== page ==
What psychology says about how you should respond to racist behaviour
*No subscription required
The recent controversy around certain football fans incessantly booing Adam Goodes has sparked collective soul-searching as we struggle to distinguish the line between racism and benign on-field antics. Regardless of what we might call it, there are things that you can do when you witness behaviour such as this.
Goodes being booed while playing football is a very public case of “everyday racism”. Everyday racism is more normalised and less recognised than other more blatant forms of racism, such as calling Goodes an “ape” as a 13-year-old girl did during a 2013 game in Melbourne.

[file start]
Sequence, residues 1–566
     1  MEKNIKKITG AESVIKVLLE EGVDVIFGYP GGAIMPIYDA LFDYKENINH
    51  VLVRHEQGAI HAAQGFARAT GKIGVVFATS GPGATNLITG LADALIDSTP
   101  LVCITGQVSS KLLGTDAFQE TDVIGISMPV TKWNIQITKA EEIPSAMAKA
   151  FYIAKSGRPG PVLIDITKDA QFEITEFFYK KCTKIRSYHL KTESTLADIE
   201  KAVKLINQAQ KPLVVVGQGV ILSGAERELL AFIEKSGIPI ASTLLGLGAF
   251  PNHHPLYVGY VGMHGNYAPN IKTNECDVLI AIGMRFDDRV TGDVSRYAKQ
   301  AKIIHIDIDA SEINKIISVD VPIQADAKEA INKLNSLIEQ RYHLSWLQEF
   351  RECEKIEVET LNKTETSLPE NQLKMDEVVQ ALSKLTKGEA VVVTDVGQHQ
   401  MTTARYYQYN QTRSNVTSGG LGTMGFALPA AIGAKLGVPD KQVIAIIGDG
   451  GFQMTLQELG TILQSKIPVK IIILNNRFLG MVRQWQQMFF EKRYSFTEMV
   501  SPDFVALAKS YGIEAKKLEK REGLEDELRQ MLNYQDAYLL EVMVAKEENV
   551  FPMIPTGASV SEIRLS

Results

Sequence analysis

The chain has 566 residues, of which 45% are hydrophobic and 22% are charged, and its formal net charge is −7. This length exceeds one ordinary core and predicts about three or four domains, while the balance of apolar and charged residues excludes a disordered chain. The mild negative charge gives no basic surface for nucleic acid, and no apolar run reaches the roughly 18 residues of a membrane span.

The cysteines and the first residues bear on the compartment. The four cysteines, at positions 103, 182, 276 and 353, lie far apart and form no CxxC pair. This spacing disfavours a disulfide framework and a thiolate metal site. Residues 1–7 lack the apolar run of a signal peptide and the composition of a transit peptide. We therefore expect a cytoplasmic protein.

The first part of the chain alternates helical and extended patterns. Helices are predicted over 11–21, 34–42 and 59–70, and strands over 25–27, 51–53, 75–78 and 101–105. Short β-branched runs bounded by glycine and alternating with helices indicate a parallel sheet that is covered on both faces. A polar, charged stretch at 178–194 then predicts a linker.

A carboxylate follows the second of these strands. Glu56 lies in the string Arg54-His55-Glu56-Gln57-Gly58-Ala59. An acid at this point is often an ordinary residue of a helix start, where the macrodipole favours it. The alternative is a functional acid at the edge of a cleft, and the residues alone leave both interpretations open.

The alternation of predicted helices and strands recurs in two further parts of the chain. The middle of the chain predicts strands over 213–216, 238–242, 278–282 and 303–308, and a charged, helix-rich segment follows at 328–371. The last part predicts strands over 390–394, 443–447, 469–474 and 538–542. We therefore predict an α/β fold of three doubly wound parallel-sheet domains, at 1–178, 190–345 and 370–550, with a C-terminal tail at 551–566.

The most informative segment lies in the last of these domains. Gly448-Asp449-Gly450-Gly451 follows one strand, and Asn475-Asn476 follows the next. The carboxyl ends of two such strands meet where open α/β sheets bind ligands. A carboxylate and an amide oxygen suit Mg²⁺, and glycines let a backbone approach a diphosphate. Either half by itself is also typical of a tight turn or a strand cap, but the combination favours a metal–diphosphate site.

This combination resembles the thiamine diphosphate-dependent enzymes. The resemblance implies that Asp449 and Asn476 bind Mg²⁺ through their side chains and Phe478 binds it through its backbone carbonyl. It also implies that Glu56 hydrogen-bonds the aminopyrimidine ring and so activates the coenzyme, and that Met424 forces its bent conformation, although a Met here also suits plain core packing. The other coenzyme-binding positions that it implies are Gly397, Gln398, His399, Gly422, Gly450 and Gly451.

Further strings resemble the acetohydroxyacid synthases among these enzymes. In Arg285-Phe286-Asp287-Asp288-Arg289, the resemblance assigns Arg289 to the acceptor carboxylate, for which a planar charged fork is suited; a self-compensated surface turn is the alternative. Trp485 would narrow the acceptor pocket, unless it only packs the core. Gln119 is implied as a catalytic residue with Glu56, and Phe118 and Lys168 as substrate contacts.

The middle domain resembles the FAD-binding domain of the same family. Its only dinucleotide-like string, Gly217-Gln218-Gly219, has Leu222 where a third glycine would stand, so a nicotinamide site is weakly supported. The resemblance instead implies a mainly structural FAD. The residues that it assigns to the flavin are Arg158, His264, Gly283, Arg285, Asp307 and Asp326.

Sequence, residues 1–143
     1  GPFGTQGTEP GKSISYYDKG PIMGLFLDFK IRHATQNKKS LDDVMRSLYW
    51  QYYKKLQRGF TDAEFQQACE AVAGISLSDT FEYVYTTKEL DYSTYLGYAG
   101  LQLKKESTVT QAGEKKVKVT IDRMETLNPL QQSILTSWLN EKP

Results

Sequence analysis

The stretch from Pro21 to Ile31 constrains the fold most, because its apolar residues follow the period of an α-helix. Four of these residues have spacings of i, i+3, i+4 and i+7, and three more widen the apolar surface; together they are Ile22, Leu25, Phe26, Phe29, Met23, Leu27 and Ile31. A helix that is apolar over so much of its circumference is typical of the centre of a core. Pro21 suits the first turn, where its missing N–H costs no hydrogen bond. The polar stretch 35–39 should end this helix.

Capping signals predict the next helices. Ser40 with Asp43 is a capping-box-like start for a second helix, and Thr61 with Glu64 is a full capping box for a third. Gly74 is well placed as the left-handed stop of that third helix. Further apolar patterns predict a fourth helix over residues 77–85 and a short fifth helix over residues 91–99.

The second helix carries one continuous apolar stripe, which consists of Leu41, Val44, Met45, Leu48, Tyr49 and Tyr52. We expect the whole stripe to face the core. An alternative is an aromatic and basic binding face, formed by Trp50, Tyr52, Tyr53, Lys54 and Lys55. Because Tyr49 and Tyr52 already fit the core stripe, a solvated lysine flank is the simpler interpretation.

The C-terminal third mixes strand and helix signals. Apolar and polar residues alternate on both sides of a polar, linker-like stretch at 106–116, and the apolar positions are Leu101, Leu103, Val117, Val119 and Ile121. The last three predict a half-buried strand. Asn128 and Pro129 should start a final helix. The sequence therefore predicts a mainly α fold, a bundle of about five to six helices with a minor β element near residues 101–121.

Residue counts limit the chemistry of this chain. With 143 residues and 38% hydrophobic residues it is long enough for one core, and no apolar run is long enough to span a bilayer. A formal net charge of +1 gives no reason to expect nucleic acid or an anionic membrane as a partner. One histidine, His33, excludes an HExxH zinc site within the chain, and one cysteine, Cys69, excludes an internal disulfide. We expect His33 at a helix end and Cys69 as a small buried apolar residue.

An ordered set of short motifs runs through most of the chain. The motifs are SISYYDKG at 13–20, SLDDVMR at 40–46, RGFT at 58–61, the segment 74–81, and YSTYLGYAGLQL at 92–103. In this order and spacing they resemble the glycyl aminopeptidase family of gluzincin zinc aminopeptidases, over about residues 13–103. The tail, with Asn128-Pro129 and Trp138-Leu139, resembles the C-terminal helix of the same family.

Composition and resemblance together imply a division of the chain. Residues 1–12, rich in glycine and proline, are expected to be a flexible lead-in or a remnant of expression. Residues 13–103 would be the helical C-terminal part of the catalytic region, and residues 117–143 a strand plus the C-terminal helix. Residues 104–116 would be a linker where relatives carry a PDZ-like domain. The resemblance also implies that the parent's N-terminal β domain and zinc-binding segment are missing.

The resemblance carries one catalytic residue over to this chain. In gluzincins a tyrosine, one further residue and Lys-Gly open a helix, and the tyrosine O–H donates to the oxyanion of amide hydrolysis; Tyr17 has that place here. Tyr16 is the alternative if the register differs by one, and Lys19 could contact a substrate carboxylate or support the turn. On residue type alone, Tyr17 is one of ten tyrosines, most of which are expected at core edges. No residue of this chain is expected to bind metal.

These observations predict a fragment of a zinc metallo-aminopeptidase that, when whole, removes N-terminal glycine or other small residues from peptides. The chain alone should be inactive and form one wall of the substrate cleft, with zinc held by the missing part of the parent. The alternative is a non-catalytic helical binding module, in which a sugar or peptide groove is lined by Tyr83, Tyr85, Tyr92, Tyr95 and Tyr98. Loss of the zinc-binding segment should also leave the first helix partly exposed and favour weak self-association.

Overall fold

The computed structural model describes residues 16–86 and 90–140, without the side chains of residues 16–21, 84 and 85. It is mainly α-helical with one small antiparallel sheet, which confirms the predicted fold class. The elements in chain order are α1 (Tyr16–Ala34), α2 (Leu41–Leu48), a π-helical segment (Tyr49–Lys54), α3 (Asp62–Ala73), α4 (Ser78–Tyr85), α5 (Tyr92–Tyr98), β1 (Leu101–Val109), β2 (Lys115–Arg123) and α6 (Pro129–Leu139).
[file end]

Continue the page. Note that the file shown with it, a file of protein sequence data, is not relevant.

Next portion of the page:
Any one of us can do something about such instances, but before we go on, here are some provisos. We’re not saying that everybody who booed Goodes was racist. Nor do we consider whether this incident signals a deep-seated national racism as others have argued.
What we’re concerned about here is the hurt inflicted through everyday racism and what we, as a community, can do about it.
|Publication Type:||Non-refereed Article|
|Murdoch Affiliation:||School of Psychology and Exercise Science|
|Publisher:||The Conversation Media Group|
|Item Control Page|